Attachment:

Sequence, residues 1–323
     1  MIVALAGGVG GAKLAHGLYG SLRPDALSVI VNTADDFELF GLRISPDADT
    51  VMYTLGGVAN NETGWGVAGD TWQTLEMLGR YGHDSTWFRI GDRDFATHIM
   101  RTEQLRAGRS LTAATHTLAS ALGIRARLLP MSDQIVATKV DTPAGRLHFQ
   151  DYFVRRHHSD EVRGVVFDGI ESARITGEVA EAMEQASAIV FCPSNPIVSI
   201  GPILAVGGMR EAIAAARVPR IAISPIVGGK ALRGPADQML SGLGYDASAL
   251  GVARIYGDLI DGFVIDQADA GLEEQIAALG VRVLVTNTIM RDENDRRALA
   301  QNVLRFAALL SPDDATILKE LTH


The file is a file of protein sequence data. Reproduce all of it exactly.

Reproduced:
Sequence, residues 1–323
     1  MIVALAGGVG GAKLAHGLYG SLRPDALSVI VNTADDFELF GLRISPDADT
    51  VMYTLGGVAN NETGWGVAGD TWQTLEMLGR YGHDSTWFRI GDRDFATHIM
   101  RTEQLRAGRS LTAATHTLAS ALGIRARLLP MSDQIVATKV DTPAGRLHFQ
   151  DYFVRRHHSD EVRGVVFDGI ESARITGEVA EAMEQASAIV FCPSNPIVSI
   201  GPILAVGGMR EAIAAARVPR IAISPIVGGK ALRGPADQML SGLGYDASAL
   251  GVARIYGDLI DGFVIDQADA GLEEQIAALG VRVLVTNTIM RDENDRRALA
   301  QNVLRFAALL SPDDATILKE LTH